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Six writing tips from "Everybody Writes"

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No matter your experience level, you can always be a better writer. Here are six tips to help you improve from Ann Handley's "Everybody Writes."

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Six writing tips from "Everybody Writes"

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  2. 2. Six writing tips from “EverybodyWrites”  @AnnHandley created “Everybody Writes” to help everyone – both writers and non-writers – improve their skills.  The book, delivered as a writing guide, features 70+ tips ranging from grammar to copyright issues.  Here are six of the lessons I found most helpful.
  3. 3. 1. EmbraceThe Ugly First Draft  Procrastination is an evil, disruptive menace that writers know all too well. But did you know you can fight it with … barf?  Instead of waiting until you have that perfect moment … just barf up “the ugly first draft” (TUFD) with all of your thoughts so you have a starting place.  TUFDs aren’t cohesive, and they don’t have to sound intelligent. The TUFD is a no-excuses reason to get started instead of procrastinate.
  4. 4. 2. Share Specifics  Details make a story stand out. So, when you’re writing your next piece of content, get as specific as you can.  Ann quotes Natalie Goldberg as saying:  “Specify geranium instead of flower … substitute cocker spaniel for dog or write Vietnamese sandwich truck instead of food-truck service.” (pg. 66)
  5. 5. 3. Add an Element of Surprise  This is one way you can really get creative. Instead of providing that obvious analogy, brainstorm something offbeat that catches your audience’s attention. Ann suggests:  “Instead of: The leaves of the giant pumpkin plant are huge.  Try: The pumpkin leaves are the size of trash-can lids, covering pumpkins the size of beer kegs.” (pg. 70)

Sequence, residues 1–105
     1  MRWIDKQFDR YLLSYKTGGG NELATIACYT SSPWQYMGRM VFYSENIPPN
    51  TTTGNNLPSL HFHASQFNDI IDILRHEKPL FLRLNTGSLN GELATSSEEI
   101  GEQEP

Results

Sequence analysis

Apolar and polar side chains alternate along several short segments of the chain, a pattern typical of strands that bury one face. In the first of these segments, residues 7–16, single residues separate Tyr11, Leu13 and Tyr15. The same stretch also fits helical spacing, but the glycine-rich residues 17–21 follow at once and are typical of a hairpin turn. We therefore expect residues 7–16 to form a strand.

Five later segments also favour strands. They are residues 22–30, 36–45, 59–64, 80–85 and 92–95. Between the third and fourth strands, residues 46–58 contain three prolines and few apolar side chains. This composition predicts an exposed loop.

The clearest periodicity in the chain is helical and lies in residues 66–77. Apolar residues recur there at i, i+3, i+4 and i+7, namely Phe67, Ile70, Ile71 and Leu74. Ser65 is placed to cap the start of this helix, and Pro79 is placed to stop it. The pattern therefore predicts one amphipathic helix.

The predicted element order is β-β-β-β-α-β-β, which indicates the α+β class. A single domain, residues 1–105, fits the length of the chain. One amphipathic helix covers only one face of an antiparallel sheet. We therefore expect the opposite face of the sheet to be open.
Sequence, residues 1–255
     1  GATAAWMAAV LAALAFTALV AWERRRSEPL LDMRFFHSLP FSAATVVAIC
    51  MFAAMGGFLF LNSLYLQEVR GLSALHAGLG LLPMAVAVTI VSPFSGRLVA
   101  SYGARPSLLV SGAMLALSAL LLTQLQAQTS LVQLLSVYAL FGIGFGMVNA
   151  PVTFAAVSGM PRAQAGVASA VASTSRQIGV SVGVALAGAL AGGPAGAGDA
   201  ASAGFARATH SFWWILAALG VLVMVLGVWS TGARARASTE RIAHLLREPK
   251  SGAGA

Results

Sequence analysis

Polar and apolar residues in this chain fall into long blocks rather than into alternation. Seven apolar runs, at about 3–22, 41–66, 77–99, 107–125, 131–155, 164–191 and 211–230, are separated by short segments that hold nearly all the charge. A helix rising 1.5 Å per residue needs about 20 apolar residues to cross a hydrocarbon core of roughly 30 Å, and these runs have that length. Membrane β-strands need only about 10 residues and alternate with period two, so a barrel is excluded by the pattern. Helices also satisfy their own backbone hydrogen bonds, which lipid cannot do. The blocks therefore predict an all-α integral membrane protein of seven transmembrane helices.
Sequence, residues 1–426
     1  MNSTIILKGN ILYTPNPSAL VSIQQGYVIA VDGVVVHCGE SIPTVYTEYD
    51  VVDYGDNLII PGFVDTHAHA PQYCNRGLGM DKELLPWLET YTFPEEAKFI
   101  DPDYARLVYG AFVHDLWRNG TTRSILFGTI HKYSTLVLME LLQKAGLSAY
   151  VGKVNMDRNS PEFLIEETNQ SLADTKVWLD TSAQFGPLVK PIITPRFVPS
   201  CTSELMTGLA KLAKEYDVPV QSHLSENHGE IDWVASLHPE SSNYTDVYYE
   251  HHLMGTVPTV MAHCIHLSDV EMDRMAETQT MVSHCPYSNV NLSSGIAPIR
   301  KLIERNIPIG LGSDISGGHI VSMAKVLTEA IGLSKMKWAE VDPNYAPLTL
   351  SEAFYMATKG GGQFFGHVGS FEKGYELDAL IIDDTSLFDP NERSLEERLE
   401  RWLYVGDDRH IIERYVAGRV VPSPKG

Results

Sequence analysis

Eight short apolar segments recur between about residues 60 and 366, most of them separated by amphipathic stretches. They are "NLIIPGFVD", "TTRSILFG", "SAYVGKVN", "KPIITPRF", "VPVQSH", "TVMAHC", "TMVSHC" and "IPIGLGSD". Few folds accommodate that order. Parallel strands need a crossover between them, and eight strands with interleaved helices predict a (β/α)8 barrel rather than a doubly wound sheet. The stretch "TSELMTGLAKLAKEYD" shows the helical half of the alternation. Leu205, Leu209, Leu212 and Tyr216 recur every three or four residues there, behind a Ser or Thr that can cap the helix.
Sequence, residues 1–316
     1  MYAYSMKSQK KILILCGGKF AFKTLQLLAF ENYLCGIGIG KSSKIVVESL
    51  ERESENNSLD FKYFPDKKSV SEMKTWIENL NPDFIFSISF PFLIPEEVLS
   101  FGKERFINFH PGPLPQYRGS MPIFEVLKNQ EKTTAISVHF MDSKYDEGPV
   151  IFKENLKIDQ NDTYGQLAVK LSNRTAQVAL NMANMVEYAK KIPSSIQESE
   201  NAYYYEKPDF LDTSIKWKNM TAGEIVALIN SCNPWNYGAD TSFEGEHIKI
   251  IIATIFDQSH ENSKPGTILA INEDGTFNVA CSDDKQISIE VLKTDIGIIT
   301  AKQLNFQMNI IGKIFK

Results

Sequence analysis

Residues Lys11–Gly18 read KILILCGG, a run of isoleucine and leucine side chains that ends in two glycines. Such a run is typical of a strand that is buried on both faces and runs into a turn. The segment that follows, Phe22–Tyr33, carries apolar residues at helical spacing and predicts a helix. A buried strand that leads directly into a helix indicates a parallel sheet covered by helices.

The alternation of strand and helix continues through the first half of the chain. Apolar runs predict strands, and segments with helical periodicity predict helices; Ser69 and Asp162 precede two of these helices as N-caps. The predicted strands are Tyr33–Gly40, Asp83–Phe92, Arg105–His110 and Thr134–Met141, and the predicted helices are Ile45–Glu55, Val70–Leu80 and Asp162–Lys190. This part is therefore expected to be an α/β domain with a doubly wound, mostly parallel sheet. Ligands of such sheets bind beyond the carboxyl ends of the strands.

6. 6. 4.Test your Content’s Readability  I’ll be honest. I had no idea Microsoft Office had a readability scoring tool.  I always used the Hemingway App (or just relied on my own instincts) to determine whether my pieces were too wordy or jargon-filled.  But why not use a tool that’s already built in to your writing software?  Here’s a quick guide on how to activate yours.
  7. 7. 5. Choose ExpressiveVerbs  The best verbs are bold verbs. They follow tip number two by helping you visually tell your stories. Here are a few swaps Ann suggests, as well as a few of my own:  Instead of “cut” her finger use “slashed.”  Instead of “ran” through the airport use “sprinted.”  Instead of “asked” him for more details, use “pressed.”  Now, you may not have these all ready in your TUFD (and you shouldn’t, if you’re following the barf-up- content-quickly model). But they’re a good thing to add when you go through that first round of revisions.
  8. 8. 6. Break some Rules  Back in elementary school, teachers lowered our grades for starting sentences with “because” or “and.”  But you know what? Times have changed, and professor Handley is in charge now.  Ann suggests throwing in some fragments, starting sentences with “but” when it feels right and opting for one-sentence paragraphs for effect.  Today’s online readers don’t want your five paragraph essays, with three-sentence paragraphs.  They want it short, sweet and readable.
  9. 9. Learn More  To learn all of Ann’s “Everybody Writes” tips, read the full book, which can be found here:  http://annhandley.com/everybodywrites/  To read my full post, visit:  www.stephanievermillion.com

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